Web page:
The holder 35 of the spherical reflection mirror 14 is of the fixed type in this embodiment and is in direct thermal contact with the heat sink 45. The holder 36 of the spherical reflection mirror 15 has a drive mechanism 17 for setting the mirror interval and is constituted to be slidable along the rail 46. As one method for securing heat transfer at the movable portions of these members, the aforesaid holders 36, 25 are thermally contacted with the heat sink by flexible gold-plated thin copper sheet laminates.
As the coolant 44 in the coolant reservoir 40, either liquid nitrogen or liquid helium can be used as required. While use of a coolant is indicated in this embodiment, it can be replaced by temperature control with a refrigerator system.
In the measurement of material properties using a resonator, the resolution characteristics generally increase with an increasing Q value. In the case where a thin metallic film of gold or copper is used for the mirror surfaces of the spherical mirrors, resonator Q values at room temperature of 100,000-300,000 are currently obtained, making use as a reflection-type open resonator possible. When a superconductor is used as the spherical reflection mirror surface material in place of gold or copper thin film, a Q value higher by 1-3 orders of ten can be anticipated, which, together with the ability to maintain an adequately low temperature relative to the superconductivity transition temperature, enables realization of a system able to detect very weak phenomenon with even higher sensitivity.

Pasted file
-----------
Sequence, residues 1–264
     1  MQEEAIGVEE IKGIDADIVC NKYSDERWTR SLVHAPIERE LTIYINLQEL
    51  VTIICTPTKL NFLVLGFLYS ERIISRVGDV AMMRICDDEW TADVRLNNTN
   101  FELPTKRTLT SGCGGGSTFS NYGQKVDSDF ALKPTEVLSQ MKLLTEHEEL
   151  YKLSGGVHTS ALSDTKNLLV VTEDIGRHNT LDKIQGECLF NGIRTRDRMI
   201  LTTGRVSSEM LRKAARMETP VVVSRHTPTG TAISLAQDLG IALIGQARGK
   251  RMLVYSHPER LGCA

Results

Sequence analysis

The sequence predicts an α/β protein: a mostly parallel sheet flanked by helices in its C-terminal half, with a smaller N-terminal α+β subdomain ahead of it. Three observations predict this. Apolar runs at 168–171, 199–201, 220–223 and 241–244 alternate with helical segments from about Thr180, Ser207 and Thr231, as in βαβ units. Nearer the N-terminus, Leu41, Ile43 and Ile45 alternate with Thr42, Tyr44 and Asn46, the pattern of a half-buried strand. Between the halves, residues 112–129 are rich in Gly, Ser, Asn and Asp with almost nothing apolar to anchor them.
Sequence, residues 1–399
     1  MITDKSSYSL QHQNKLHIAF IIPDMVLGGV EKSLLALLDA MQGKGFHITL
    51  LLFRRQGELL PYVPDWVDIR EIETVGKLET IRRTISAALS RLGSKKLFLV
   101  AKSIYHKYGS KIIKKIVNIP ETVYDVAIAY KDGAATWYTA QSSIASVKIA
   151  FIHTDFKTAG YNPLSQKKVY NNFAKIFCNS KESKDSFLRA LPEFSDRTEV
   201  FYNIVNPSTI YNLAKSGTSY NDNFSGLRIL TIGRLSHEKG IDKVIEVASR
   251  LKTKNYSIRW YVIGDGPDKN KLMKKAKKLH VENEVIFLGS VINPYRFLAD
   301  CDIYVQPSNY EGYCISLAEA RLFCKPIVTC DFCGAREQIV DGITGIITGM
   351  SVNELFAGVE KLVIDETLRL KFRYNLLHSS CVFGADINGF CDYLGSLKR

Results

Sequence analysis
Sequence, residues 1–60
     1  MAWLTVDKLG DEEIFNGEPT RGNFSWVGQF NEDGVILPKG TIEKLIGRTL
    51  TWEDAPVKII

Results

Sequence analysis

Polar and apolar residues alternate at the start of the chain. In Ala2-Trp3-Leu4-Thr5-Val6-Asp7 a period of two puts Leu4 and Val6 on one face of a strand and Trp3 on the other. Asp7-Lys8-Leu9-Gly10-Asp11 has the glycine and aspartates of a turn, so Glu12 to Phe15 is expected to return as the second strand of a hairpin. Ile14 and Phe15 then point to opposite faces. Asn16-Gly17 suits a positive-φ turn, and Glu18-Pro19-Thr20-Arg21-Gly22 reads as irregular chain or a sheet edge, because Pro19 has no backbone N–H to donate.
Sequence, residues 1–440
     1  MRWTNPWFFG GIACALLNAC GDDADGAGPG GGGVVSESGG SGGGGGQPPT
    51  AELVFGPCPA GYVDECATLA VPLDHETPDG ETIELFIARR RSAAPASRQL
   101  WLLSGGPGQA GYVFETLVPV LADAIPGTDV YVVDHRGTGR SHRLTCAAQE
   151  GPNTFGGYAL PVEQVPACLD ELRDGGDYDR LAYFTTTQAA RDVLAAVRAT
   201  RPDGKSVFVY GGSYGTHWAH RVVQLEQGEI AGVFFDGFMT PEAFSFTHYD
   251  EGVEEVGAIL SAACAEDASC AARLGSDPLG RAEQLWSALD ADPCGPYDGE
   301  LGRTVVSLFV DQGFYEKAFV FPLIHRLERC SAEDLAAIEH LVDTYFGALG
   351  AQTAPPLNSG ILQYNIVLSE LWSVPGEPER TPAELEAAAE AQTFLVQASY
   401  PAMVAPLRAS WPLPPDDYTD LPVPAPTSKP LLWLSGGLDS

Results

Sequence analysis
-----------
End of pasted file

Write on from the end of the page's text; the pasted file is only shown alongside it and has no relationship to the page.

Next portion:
In the open resonator configuration of FIG. 4(b) using the pair of spherical reflection mirrors 14, 15, the securement of high symmetry is important to high-precision measurement. Changes in the measurement frequency and resonation vertical mode number may produce a slight change in the size of the beam spot on the spherical reflection mirror surfaces 14, 15 and, in addition, since the coupling efficiency of leaking from the electromagnetic wave coupling regions 9 of the spherical reflection mirrors 114, 15 depends on changes in these (temperature, vertical mode number, wavelength), they subtly change the mirror surface reflectance. Further, in measurement entailing temperature change, since the reflectance of the spherical reflection mirrors themselves are inherently temperature dependent, it is important to measure and extract the losses of the spherical reflection mirrors as they are, without changing the temperature, vertical wave number or wavelength. As set out in the foregoing, in accordance with this invention, it is possible at the individual measurement temperatures to measure and extract the reflection losses at the spherical reflection mirrors under the same measurement frequency and vertical mode number conditions. Particularly in the measurement of the surface impedance of a superconductor or the like and in the measurement of the anomalous skin effect of a low-temperature metal, which inherently require measurement with a resonator over a broad temperature range, it becomes possible to accurately calibrate the absolute value of extremely small reflection losses. Further, the invention for the first time makes possible high-precision measurement of the surface impedance of a material in the millimeter--sub-millimeter wave band, which has not been feasible up to now.